In recent years, humanitarianism has seen rapid expansion and undergone professionalization with the development of its own standards, ethics, training, and research. This advancement is based upon two important principles. The first is that the limited resources available must be allocated to provide the greatest benefit to the greatest number of people. The second is that disease prevention and health promotion (e.g. nutrition, sanitation, communicable disease control) should be emphasized over complex medical care. By utilizing these strategies, morbidity/mortality rates have been reduced during complex humanitarian disasters. A large area of focus in DHR is developing skilled communication and coordination of resource allocation rather than on improving the actual healthcare delivery. In addition to the above topics, improving the training of aid workers has increased their effectiveness, allowing them to deliver aid more effectively in complex political and social climates in which they have to operate. A seminal publication in the field came out of the 'Sphere Project' entitled "Humanitarian Charter and Minimum Standards in Disaster Response", which outlines the core principles and minimum standards for humanitarian programs during emergencies.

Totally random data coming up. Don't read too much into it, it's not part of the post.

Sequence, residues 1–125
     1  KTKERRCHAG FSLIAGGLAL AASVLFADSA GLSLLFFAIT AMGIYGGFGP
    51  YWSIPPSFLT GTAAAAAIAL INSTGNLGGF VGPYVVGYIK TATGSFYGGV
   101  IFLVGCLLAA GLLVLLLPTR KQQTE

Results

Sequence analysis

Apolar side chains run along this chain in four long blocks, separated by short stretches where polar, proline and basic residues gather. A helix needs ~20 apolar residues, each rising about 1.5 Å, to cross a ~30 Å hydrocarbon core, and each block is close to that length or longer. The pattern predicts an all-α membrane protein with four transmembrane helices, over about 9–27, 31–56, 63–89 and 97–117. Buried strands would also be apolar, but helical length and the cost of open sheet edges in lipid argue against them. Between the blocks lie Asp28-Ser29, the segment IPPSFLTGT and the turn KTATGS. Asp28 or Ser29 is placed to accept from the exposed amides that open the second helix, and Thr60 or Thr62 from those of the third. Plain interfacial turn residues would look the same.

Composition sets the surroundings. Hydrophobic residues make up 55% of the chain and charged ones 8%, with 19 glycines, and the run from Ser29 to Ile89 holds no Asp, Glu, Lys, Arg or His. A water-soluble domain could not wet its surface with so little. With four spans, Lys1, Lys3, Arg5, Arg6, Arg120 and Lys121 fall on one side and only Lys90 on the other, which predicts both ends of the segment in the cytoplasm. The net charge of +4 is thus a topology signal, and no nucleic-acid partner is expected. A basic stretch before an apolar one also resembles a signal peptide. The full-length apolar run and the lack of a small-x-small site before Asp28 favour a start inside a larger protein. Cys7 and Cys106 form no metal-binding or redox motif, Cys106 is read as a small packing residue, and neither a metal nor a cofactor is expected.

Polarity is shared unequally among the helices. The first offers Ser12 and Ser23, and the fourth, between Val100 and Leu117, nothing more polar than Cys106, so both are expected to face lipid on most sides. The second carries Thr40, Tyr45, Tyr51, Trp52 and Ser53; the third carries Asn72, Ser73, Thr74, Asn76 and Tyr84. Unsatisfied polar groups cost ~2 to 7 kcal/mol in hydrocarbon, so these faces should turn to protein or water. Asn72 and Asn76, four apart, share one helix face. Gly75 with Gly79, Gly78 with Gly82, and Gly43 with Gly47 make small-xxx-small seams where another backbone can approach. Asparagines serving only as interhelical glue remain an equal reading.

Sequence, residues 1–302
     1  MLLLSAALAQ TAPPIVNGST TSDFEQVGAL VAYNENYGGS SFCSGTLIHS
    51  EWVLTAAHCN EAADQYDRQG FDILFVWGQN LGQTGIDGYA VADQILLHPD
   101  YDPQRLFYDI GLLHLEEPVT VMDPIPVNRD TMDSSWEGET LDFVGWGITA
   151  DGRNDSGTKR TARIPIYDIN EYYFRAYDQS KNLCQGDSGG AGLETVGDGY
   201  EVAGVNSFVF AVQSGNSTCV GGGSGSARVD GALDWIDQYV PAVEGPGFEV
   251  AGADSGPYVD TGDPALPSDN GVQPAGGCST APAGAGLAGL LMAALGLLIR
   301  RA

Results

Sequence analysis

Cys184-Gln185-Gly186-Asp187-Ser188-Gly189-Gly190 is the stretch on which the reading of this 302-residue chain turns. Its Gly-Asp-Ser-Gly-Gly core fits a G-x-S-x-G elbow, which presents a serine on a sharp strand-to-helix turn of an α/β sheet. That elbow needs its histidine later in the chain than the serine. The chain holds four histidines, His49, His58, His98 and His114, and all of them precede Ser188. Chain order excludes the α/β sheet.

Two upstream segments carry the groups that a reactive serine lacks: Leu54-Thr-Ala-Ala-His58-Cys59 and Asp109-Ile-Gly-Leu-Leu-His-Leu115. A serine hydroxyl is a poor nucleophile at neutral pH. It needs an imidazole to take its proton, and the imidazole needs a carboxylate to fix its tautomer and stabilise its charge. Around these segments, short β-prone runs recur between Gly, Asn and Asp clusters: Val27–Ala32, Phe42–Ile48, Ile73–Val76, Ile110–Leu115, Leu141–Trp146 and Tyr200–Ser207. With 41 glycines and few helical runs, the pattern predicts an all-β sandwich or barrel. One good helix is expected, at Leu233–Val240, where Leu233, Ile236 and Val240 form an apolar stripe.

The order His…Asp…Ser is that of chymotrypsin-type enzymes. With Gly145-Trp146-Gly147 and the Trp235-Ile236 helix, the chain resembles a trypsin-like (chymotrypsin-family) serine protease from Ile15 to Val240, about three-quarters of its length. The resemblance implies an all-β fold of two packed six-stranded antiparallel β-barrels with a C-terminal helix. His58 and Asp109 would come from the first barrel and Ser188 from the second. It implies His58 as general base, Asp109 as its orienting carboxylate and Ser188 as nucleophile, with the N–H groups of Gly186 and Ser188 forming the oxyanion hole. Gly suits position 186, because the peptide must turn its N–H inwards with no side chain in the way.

Global Emergency Medicine Research

Conducting research in culturally distinct and often resource-limited settings provides challenges that are unique to GEM. Therefore, GEM research has become a specialty in itself, and has grown rapidly over the recent years. Some of the unique challenges to research in GEM are:
1. Lack of adequate funding

2. Lack of appropriate resources

3. Lack of healthcare infrastructure

4. Cultural/Societal differences between patients, local researchers, and foreign researchers

5. Feasibility of integration of advancements into the present healthcare system

6. Historical studies in which the ethical standard of a sponsoring country was not applied to research in the host country